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Warrenton residents ‘shut down’ town

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The community also raised concerns regarding various funds allocated to the municipality for local projects and an additional high school

THE OFFICES of the Magareng Local Municipality in Warrenton remain closed following a total shutdown of the town by fed-up community members who barricaded the N12 last week.

The protest action, which the residents have dubbed the ‘Warrenton Total Shutdown’, is due to a long list of service delivery complaints and the community’s unhappiness regarding the response to a memorandum they handed over at the end of January.

According to the residents, last week’s protest action was triggered by an unsatisfactory response from Transnet and the “total arrogance” of the Magareng Municipality following their peaceful march on January 29.

Last week’s protest action saw 28 people being arrested for public violence.

While Northern Cape Premier Zamani Saul travelled to the town to address the protesters on Thursday last week, he was prevented from doing so.

The community had complained about poor service delivery and a “lack of commitment” from the municipality and Transnet to improve the lives of the people of Warrenton.

A spokesperson for the community, Themba Mgwevu, said that there had been no reaction from Transnet in terms of giving back to the community.

The memorandum demanded that Transnet prioritise Warrenton residents in terms of jobs and to also “adopt” local schools.

The demands to the municipality included the dissolution of the the Magareng council and the removal of the the municipal manager and that the appointment of the chief financial officer be investigated.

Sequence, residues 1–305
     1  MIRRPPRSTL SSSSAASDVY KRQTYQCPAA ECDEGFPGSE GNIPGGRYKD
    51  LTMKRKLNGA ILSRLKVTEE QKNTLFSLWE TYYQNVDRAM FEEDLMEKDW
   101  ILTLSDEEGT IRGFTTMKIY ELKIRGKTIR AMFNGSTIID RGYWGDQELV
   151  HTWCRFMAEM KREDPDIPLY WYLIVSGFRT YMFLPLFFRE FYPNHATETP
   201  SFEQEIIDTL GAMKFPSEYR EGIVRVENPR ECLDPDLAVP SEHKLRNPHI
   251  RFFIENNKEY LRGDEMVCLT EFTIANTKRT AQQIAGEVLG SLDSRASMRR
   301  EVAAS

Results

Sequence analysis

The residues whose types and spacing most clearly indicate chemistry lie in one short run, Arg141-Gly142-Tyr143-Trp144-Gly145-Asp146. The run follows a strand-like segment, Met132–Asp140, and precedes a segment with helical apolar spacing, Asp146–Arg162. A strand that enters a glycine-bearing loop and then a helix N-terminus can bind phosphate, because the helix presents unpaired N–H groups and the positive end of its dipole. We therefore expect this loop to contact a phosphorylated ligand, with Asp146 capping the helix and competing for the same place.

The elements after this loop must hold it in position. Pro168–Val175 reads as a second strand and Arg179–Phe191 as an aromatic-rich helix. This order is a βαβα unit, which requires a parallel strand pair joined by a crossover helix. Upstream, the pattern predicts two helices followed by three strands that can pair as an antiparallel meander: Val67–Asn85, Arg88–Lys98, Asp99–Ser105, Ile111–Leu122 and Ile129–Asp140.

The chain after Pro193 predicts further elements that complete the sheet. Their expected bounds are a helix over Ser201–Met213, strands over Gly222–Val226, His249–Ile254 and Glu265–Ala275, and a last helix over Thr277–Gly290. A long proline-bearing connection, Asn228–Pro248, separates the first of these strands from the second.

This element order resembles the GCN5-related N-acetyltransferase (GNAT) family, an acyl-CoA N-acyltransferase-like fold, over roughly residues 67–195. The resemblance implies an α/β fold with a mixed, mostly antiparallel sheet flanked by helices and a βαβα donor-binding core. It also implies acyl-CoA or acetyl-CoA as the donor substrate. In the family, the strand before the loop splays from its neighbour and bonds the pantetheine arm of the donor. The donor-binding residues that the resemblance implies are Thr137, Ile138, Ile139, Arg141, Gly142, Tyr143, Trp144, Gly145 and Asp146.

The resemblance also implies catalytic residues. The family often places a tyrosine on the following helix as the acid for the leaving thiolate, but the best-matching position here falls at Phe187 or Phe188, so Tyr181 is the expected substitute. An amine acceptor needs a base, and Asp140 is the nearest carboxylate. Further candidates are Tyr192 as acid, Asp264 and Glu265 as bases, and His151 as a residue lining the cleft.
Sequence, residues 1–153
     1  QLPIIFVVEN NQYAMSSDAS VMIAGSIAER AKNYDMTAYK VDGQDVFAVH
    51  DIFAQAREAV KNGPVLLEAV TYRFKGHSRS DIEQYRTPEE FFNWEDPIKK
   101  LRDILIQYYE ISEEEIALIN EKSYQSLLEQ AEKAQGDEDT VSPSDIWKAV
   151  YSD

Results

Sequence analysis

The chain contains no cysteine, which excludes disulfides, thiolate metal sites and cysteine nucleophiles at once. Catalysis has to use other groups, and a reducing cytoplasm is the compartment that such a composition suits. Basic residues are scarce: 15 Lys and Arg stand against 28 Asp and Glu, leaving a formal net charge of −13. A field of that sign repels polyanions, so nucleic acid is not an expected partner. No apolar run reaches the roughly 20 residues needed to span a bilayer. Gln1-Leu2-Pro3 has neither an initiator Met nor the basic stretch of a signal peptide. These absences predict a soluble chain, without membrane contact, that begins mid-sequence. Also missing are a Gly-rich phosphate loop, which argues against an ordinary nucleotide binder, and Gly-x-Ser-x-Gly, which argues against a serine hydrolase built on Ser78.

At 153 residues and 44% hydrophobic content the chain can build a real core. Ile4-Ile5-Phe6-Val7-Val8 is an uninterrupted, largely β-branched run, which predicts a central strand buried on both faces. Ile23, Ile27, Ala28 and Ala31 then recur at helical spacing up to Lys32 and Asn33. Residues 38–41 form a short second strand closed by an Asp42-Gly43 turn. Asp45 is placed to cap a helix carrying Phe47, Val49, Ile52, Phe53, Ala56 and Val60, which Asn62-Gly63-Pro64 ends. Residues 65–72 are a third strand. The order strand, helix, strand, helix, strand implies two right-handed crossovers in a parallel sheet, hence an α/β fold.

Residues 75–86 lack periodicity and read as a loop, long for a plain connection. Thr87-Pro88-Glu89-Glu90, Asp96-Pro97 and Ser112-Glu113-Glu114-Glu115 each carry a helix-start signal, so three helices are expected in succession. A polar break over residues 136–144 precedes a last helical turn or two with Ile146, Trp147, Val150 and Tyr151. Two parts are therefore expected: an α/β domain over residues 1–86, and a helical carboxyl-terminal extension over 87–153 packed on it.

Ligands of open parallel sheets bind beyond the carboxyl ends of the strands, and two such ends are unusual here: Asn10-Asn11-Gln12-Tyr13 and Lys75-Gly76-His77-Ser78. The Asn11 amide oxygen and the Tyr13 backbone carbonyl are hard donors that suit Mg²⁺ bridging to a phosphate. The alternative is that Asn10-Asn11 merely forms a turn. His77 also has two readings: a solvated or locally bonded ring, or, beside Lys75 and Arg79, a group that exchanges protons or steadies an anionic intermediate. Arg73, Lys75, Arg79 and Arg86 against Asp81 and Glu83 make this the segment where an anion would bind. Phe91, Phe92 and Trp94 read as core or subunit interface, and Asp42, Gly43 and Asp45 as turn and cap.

The community also raised concerns regarding various funds allocated to the municipality for local projects and an additional high school.

They demanded a detailed report on all incomplete projects, namely Agripark, the peanuts and oil factory, roads in the Chris Hani section and the fixing of street lights in Ikhutseng.

While the residents have since held successful engagements with Transnet, which led to the suspension of the closure of the N12, they stated yesterday that they had received little satisfaction from the municipality and that they would keep the municipal offices closed.

“Although we are still waiting to get a drafted contract in black and white from Transnet, we have had successful engagements and their delegation has addressed the community to pledge its support.

“We have, however, not received any response from the Magareng Municipality. That is why the municipal offices will remain closed until the premier provides the residents with a satisfactory response,” said Mgwevu.

He said the community was working with the police to organise for the premier to address them.

“The premier was here on Thursday but his timing was wrong because we were in court to support those arrested during the protests. We wanted them to be a part of all the meetings we engaged in.

“We want all charges against them dropped because they were unlawfully arrested.”

The Office of the Premier confirmed on the Northern Cape provincial government’s Facebook page that the planned meeting with the premier did not proceed because community members were of the view that the protesters who were arrested needed to be part of the engagements.

“The premier encouraged the people present to proceed with the meeting but they were adamant that the release of the detained people be resolved before any engagements could be embarked upon,” read the post.

“Premier Saul has indicated his willingness to still meet with the community or concerned residents in an effort to find viable solutions to the concerns contained in the memorandum.”